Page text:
And yet? I keep her books on my shelves, imperfect as they are, good as they are. She inspired me. She gave me so much. I like to think, given the nature of her work, that she, like Grandfather, would have been open to a conversation with me. (There are other authors who sure don’t make me feel that way, and that’s a different story for another day.)
I’m seeing an awful lot in the kids’ lit world these days of very unilateral discourse about what’s good and bad in books and authorship. I’m not ideological about this, by the way. So long as it’s a good book, I’m really ok with a lot.
I’ve seen discussions of #OwnVoices authorship—a well-intentioned initiative that has turned out pretty badly after, for example, authors were forced to “out” themselves when they weren’t ready to because they were attacked for writing queer voices without (apparently) being queer. That’s extreme, of course, and really not ok… It was also predictable.
I can’t tell an author who and what they can or should write. Diana Wynne Jones said (I paraphrase) she agreed you should write what you know and that’s why she writes about dragons.
The best recent Holocaust-related book for kids I’ve ever read just came out. Peter Sís’s Nicky and Vera. He’s not Jewish. He didn’t usurp a Jewish voice or perspective. He also didn’t force young kids to live through trauma they’d never experienced, or push them into confused anxiety and guilt. His approach was emphasis of the value of each individual life saved. Thus he prepares kids to draw their own conclusions, as they grow, regarding the Nazi crimes and murders, once they have established as a foundation a clear vision of every life as valuable, every death as a tragedy. It’s not #OwnVoices, but it’s intensely valuable. On the other hand, I also welcomed Nimbus’s picture books from Rita Joe and Rebecca Thomas, and I lament the relative paucity of picture storybooks from Indigenous authors of their tribes’ histories and narratives in the kids’ lit world. I recall old picture books by white authors of First Nations stories—but I want the narratives directly from the source. Stories matter, and honesty matters. I want to have that experience, I want it from the source, and I want it in all honesty.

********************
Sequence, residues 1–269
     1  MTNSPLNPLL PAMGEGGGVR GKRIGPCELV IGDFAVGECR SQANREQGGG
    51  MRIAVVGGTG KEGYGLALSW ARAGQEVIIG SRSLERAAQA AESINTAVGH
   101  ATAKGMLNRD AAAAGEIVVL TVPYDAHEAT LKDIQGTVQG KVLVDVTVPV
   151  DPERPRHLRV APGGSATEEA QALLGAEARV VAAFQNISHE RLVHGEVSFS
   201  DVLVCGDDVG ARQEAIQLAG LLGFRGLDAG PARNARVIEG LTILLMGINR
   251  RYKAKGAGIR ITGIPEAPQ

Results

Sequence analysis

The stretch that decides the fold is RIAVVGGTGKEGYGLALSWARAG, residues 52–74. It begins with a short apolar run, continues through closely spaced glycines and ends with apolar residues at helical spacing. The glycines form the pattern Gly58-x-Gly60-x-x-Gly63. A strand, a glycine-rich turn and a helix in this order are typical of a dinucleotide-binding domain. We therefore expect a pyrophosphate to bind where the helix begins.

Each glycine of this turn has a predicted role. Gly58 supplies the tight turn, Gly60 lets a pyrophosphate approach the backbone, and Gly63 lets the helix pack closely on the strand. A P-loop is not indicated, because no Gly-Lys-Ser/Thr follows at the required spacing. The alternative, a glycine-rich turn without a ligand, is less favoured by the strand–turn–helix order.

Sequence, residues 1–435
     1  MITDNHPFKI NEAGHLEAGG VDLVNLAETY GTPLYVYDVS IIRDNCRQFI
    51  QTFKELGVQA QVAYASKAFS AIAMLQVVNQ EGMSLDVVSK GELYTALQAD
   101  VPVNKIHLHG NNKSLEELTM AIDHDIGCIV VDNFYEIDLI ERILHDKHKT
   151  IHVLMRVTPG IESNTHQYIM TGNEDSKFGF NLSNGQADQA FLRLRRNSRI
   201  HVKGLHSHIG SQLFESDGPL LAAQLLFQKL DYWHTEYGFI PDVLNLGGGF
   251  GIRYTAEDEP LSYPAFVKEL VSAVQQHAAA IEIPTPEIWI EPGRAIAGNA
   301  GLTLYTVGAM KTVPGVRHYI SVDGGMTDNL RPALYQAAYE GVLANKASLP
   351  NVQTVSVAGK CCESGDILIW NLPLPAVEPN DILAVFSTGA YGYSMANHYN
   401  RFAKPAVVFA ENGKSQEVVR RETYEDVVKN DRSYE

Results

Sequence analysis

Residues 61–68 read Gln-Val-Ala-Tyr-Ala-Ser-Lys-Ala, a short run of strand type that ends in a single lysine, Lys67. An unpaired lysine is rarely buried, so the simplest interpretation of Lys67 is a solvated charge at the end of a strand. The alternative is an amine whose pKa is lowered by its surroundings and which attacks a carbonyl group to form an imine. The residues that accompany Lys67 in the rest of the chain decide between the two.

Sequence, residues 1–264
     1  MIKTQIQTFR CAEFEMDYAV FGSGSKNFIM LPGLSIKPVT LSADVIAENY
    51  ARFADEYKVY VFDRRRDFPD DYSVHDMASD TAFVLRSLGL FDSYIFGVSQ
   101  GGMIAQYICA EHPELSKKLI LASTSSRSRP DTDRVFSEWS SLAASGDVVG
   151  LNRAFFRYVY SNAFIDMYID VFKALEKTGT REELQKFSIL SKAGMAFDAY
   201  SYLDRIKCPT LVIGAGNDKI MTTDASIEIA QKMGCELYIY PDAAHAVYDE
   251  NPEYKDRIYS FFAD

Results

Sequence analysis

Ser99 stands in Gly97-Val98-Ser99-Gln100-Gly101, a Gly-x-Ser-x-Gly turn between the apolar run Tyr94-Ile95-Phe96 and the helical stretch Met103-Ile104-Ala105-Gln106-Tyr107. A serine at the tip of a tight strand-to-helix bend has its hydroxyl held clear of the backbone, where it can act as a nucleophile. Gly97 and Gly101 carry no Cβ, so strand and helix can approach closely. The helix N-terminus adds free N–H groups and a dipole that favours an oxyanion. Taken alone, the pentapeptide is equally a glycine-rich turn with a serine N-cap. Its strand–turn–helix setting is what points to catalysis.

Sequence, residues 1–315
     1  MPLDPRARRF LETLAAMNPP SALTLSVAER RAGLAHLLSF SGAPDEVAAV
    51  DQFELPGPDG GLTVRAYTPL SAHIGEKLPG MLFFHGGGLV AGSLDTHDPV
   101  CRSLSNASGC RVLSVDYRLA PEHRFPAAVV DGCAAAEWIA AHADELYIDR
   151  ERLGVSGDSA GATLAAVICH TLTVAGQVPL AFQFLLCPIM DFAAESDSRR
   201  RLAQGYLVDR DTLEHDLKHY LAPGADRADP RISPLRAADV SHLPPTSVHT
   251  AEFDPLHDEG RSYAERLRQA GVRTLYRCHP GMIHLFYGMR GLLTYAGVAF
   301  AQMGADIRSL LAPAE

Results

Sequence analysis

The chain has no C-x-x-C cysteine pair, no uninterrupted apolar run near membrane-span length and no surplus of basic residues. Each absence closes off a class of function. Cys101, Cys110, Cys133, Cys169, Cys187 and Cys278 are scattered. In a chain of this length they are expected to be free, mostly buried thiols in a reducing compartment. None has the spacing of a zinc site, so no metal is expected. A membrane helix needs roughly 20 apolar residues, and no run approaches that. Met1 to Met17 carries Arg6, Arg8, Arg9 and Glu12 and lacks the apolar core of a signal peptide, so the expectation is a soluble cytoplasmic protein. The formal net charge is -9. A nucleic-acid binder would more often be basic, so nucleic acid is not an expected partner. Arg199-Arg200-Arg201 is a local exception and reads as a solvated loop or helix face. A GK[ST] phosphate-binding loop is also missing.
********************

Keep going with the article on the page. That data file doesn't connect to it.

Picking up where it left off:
ISRAEL AND PALESTINE, HOW THIS CONNECTS
Why do I write this today?
I’ve been watching as everyone talks and talks about Israel and Palestine this past month or two—not to mention all my life, I guess. Being a Jew in North America is simply a whole THING about being whatever-your-country-of-origin-is plus being defensive about Israel. That’s just the way it is, and I’ve probably just pissed off every Jew in North America. I’m sorry, but I’m about to get worse.
This time around, I’ve been watching with genuine pain as friends in Israel go from grieving the familiar spiral down into violence to, once again, getting frustrated as they attempt to justify their very existence. At the same time, I listen with genuine and familiar frustration as friends and organizations in North America pontificate, once again, about supporting Israel against the attempts to eradicate it. I turn around and watch with similarly familiar frustration as activist friends go from decrying “apartheid” to deploying the word “genocide.” It’s such a familiar pattern, it’s everywhere, it’s incredibly counterproductive, and I very rarely speak about it, but I kind of want to talk, so I’m writing it down. Because it’s the same story as in the kids’ lit community.
Most everyone has no clue what they’re talking about, they’re unclear about the precise story, they claim one voice is The Real Voice to listen to, not others, and they get a lot wrong but the wrongness gets repeated ad nauseam and the irrational is spinning out of control… Sort of like spouting a poem as being from Sir Thomas Browne and then it kind of becomes that way and poor T.E. Brown loses his voice. Who even are they? Do most readers of Madeleine L’Engle know? They don’t. But the name “Browne” has won over “Brown.”
So I’m feeling puzzlement, frustration, and irritation of my own that has precisely nothing to do with “supporting” or “denouncing” anything.
I want to break a few things down about what we know, how we know it, and how we talk about it. I want to talk about setting goals and doing things that will achieve those goals. I want to talk about using the good brains we have in useful ways—and yes, all of that has to do with kids’ lit. Because one of the things about kids’ lit is the level of expertise that goes into few words. Peter Sís wrote and drew with such care and precision, with perfect use of language and deeply responsible and judicious understanding of what he had to say that others could note, that he captured a great deal; Madeleine L’Engle, unfortunately, was less precise, misattributed authorship of a poem, and gave a valuable lesson on not usurping authority—while, herself, usurping authority over another issue, which kind of undercut her authority on authority. It’s so important to know when not to speak.
And so, for today, I want you to think about who’s telling a story, and what story, and why. But when I next post, we’ll be talking about language and precision in storytelling, whether for kids or in journalism or, honestly, in any conversation, anywhere. It will be technical, and it will be uncomfortable. It will also be worth it.